SBD/July 17, 2012/Marketing and Sponsorship

Let The Ambush Marketing Games Begin: LOCOG Marketing Restrictions Called "Chilling"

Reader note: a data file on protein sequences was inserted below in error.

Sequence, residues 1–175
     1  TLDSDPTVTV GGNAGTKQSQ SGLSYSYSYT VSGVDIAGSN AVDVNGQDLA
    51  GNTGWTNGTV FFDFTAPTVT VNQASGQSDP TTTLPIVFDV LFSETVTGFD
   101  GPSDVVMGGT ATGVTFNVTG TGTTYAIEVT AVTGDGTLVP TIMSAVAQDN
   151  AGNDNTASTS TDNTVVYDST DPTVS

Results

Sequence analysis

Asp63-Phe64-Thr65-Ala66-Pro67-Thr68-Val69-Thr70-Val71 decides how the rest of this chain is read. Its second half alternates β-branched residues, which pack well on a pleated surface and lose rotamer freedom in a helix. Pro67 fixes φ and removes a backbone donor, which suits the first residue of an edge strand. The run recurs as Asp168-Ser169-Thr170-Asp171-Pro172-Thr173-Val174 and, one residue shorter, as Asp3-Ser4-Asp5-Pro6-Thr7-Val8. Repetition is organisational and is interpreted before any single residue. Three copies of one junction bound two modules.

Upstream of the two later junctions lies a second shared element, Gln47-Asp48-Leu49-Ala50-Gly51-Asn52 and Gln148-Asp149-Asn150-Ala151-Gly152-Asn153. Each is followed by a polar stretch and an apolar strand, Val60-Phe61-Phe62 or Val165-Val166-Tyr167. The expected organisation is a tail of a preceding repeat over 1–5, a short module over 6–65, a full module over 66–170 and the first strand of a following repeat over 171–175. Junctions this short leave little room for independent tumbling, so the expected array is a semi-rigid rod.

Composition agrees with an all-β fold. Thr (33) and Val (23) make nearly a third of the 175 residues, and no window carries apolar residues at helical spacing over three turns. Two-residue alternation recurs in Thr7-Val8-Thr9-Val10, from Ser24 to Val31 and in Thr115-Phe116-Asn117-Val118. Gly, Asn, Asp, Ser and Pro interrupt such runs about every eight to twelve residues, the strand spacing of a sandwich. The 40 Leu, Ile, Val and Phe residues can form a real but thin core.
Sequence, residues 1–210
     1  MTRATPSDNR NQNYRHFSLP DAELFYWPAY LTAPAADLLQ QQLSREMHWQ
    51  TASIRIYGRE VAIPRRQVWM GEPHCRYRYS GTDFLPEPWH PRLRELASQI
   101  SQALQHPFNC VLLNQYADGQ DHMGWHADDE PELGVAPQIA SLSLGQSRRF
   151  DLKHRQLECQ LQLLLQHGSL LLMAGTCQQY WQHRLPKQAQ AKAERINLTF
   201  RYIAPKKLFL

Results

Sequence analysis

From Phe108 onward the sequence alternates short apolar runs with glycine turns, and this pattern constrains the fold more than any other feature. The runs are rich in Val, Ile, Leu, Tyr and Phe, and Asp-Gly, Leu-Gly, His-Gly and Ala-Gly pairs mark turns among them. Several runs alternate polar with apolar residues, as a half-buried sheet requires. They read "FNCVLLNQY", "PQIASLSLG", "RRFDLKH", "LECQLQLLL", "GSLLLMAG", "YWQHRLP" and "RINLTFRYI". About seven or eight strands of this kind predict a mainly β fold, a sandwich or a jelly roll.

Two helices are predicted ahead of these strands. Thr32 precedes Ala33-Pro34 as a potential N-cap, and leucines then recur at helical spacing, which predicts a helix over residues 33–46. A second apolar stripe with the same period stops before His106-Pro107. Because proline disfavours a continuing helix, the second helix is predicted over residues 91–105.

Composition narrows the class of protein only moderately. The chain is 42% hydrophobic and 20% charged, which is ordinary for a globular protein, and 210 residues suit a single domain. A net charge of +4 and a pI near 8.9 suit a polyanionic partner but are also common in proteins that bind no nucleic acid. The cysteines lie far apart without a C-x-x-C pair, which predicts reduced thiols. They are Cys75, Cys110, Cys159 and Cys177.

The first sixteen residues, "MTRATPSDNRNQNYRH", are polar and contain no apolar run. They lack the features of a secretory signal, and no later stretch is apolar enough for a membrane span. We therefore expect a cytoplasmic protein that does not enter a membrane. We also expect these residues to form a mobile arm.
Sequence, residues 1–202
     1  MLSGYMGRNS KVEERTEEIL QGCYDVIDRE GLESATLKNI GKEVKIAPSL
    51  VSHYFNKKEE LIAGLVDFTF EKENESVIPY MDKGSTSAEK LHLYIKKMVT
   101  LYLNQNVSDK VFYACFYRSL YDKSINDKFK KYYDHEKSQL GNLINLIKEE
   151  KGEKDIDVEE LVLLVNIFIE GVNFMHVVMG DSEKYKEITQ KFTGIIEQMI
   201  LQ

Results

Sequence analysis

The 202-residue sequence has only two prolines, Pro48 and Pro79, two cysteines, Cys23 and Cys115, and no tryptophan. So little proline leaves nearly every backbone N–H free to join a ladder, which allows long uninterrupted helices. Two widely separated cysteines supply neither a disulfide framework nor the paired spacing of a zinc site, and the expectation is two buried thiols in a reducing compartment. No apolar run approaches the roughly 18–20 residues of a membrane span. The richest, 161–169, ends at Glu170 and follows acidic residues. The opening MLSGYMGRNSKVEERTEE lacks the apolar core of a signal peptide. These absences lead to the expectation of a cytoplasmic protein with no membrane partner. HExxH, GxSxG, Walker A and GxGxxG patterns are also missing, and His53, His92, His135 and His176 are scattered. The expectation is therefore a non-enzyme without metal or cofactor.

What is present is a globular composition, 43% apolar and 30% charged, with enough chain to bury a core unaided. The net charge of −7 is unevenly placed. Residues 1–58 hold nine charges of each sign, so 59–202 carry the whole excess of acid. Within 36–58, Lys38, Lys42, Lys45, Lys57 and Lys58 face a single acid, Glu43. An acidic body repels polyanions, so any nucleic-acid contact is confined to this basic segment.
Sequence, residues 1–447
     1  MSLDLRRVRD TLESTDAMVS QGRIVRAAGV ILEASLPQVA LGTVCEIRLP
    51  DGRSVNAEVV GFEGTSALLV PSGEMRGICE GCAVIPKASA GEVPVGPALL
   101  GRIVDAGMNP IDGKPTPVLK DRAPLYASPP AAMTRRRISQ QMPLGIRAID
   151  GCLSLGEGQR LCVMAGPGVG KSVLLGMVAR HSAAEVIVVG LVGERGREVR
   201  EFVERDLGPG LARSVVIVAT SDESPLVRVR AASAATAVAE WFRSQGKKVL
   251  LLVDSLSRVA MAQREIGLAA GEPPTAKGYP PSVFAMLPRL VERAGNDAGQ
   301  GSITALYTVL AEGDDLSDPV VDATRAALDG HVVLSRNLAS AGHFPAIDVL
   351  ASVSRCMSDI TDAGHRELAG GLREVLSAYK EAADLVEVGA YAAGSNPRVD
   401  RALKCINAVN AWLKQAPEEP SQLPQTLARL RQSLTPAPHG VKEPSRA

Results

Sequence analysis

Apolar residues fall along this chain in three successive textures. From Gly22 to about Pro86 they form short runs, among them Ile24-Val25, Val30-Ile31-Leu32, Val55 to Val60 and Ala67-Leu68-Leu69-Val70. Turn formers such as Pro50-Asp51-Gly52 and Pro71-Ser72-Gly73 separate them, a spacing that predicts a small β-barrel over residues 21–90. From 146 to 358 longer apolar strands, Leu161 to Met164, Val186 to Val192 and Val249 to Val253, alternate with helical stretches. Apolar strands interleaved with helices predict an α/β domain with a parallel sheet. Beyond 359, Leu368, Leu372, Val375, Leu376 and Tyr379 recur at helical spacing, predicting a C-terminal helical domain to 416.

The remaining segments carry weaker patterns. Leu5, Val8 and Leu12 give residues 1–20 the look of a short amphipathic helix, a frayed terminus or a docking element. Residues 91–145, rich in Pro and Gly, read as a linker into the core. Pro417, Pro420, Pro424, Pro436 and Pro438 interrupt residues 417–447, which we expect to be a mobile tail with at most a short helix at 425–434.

Civil liberties campaigners “have urged police not to crack down hard on small traders suspected of breaching strict rules on the use of Olympic logos and words,” according to Rosa Silverman of the London TELEGRAPH. The restrictions mean that “only official sponsors are allowed to display images of the Olympic rings,” or use the phrases “London 2012” and “Olympics.” But critics have “branded the London Olympic Games and Paralympic Games Act 2006 that brought in the ban as ‘chilling.’” Former U.K. Labor Sports Minister Richard Caborn, who “took the legislation through Parliament, defended the Act as both necessary and successful, and pointed out that no-one had yet been prosecuted over it” (London TELEGRAPH, 7/17). The AP’s Jill Lawless writes, "The guardians of the games are vigilant about protecting the integrity -- and the commercial clout -- of the Olympic brand.” But they “can't stop the irreverent spirit of artists and craftspeople, who have responded to the games with a cheeky mix of celebration, skepticism and satire.” T-shirts for sale in London street markets show “a masked and hooded youth sneaking off with one of the five Olympic rings.” Another T-shirt “depicts The Beatles crossing a London street in the famous photo from the cover of ‘Abbey Road,’ the Olympic rings tucked under their arms” (AP, 7/17).
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